Hadley, banged.

Mistakes were made. Modifications to the waist shaping were made (because my waist has very little shape and it isn’t an hourglass). Sleeves were shortened. Color choices were second guessed and then mildly regretted. Expletives were uttered. What seemed like a million yarn ends were woven in. But in the end, Hadley.

I’ll admit I joined the #bangoutahadley knitalong, not because I was in love with the pattern but because of the challenge. Knit an entire sweater in the shortest month of the year. Add in new techniques. It had been ages since I’d attempted to knit with more than one color (at least ten years), and if memory serves me right, I was awful at it. I’d also just learned to knit continental style (more on that later) and this seemed like the perfect practice swatch. Plus, how fun is it to knit something with strangers across the Interwebs? Sign me up!

Not only did I use new techniques, but I used new yarn. Not having a yarn budget for the called-for yarn (Brooklyn Tweed Shelter, which is my absolute favorite yarn ever), I took a chance on a budget buy (Valley Yarns Amherst 100% merino). I wanted a blank canvas for the color work to shine through (or expose all of my flaws). Either way, it worked.

I don’t plan on knitting another, but if I did, I’d choose a darker yarn color to hide the increases and decreases. I also got a little off on one row of decreases above the color work, which may or may not be obvious.

Other new things tried during this project? A simple stretchy bind-off for the neck (found here). It doesn’t match the tubular cast-on I used for the sleeves and hem but in all honesty I just really wanted to finish this damn thing without breaking into another skein of yarn (I ended up with two to spare).

And can I add something about tubular cast-ons? They are my new favorite. They are absolutely worth the extra yarn and work, in my opinion.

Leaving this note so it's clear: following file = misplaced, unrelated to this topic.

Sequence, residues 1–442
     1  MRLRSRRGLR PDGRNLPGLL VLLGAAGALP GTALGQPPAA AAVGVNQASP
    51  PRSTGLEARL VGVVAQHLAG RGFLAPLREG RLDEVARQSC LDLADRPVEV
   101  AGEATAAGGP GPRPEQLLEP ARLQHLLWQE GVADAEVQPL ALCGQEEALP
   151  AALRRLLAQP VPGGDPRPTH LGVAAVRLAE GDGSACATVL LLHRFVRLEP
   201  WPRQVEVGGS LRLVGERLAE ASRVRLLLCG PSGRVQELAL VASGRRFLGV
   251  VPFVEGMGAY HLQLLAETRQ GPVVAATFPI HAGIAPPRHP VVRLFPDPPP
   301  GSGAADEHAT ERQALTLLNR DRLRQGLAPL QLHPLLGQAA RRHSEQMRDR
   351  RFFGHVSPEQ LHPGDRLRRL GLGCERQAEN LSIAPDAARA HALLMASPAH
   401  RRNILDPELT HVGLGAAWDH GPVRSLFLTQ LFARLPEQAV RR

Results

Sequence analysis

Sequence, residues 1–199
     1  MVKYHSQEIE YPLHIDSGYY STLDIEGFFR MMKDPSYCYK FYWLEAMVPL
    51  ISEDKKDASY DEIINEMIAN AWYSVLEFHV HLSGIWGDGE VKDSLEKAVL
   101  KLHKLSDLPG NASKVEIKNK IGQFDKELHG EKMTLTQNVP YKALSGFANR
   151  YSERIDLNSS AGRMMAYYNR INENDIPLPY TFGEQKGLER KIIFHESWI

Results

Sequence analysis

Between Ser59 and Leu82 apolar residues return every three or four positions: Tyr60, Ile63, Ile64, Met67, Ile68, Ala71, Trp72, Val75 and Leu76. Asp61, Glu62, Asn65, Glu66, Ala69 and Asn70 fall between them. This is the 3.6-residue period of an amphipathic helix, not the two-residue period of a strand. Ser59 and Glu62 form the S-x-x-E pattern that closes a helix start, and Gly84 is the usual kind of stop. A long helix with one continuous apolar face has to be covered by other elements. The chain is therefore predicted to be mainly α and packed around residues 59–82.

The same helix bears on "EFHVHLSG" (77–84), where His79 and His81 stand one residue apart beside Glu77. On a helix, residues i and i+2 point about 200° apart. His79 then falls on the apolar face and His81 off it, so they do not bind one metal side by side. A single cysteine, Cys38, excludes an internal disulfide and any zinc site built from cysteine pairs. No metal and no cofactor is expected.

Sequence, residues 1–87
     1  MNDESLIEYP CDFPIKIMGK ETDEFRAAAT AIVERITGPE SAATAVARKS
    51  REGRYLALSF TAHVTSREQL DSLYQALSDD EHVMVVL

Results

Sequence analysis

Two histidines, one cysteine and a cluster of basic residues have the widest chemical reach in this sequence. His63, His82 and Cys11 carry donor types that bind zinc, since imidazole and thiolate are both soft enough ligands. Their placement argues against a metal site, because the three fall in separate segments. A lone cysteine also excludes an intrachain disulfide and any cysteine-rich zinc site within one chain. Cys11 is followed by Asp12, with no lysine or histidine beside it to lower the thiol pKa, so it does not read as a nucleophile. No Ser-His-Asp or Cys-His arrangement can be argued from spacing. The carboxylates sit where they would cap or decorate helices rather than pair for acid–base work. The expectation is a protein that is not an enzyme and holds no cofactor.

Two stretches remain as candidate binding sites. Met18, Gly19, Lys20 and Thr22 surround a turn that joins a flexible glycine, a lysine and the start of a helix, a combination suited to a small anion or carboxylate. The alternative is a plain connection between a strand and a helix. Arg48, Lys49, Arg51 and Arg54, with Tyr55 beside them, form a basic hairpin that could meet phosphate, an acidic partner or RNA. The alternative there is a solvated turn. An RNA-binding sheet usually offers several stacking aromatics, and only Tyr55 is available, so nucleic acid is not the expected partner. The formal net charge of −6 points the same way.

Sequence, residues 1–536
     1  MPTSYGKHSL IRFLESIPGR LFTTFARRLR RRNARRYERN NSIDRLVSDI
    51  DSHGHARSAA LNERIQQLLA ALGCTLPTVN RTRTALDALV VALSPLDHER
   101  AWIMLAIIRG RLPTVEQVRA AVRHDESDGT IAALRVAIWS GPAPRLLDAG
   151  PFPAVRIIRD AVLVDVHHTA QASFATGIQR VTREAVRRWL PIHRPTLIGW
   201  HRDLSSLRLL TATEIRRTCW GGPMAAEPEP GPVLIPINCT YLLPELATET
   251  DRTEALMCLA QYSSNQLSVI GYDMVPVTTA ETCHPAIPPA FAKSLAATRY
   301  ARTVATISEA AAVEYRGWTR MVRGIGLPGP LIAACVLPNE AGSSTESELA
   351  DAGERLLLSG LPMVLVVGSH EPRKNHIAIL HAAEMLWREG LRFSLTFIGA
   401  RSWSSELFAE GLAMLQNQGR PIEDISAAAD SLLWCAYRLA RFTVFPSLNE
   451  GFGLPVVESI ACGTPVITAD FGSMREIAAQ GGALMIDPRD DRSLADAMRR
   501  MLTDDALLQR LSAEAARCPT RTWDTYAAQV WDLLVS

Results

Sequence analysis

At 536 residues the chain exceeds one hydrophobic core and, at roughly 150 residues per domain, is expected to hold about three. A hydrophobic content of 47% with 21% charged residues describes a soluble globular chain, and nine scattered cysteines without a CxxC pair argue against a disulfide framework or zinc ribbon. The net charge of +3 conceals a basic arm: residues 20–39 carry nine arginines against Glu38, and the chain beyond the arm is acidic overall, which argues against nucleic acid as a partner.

I’m not the greatest with color choices and would choose different ones had I the choice to make again. But I wanted to work this from my stash and but as little new yarn as possible.

I have a lot to learn about colorwork. I was able to navigate two colors pretty easily, and there were only a few rows that required me to carry a third (which I felt was a PITA). But my sleeves ended up pretty tight. I hoped they would loosen a little after blocking. It’s possible they did a hair, but still, note to self: stay loose-er.

Never judge a book by its cover, and never judge a sweater before you block it.

I did promise to reserve all judgment until I’d blocked it; the pre-blocking try-on was dismal. Oh, so dismal.

Trying on right before I finished the collar.

But after blocking, I’m happier. I post the pre-block photo to attempt to show the waist shaping; I omitted the middle decreases and just worked enough along the side to give me a difference of two inches (instead of the called-for ten inches. Yes. Ten inches.).

Overall? It was a good knit. There are more details on the knitalong and Hadley over at Mason Dixon Knitting, if you’re interested.

Epilogue: I love you, Craftsy.

Craftsy saved the day. (This is not a paid enorsement.) I had not heard of Craftsy until I ended up at their site one day picking up (on incredible deal) what would end up being the yarn for my Snoqualmie (95% finished!). I have always believed I could find any lesson I needed for free on the YouTubes, so the idea of paying real money for lessons seemed unnecessary.

I don’t believe that anymore. Though you can still learn a lot from the webs, it just doesn’t compare to the instruction at Craftsy. The attention to detail, the close-up camera shots, the ability to rewatch a section over and over. Not  only that, but I’ve just loved the instructors. I feel like they’re sitting with me in my living room. For someone like me who lives in the sticks and doesn’t have the luxury of their LYS holding regular workshops, I’m a fan. In fact, I would still be working on the body of this had Lorilee Beltman not taught me to knit contenental style via her class on Craftsy. After I got the hang of it, I was able to fly through the sea of stockinette. Even the 2×2 ribbing went much faster when I finally gave up yarn throwing.

And while it’s a little embarrassing to admit, I’d never properly spliced yarn together or been taught how to weave in ends; I always winged it. Ann Hanson’s class on finishing handknits taught me how, and now I don’t fear that part of the project.

In short, the classes have made me a more capable, confident knitter. I just can’t say enough. Definitely check them out.